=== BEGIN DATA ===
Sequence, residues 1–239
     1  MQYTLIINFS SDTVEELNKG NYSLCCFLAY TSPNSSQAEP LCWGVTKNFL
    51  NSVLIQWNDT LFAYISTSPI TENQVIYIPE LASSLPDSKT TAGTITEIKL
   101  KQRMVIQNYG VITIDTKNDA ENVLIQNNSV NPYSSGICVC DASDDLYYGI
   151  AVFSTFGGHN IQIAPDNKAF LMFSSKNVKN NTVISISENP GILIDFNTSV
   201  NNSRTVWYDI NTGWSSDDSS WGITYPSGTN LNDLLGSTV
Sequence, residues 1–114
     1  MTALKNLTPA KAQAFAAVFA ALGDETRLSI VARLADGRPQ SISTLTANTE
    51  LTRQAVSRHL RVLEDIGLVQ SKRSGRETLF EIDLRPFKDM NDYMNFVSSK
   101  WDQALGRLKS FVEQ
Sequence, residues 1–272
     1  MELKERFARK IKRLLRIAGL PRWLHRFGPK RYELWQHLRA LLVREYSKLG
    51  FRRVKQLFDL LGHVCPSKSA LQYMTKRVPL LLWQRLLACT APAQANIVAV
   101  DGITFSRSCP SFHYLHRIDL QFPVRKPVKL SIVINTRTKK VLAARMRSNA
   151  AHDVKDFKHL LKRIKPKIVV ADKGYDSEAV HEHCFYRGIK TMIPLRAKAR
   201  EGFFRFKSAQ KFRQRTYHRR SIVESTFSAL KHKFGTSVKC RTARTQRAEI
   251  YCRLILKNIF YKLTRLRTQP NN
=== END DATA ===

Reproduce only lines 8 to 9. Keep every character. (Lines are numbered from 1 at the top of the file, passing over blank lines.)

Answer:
     1  MTALKNLTPA KAQAFAAVFA ALGDETRLSI VARLADGRPQ SISTLTANTE
    51  LTRQAVSRHL RVLEDIGLVQ SKRSGRETLF EIDLRPFKDM NDYMNFVSSK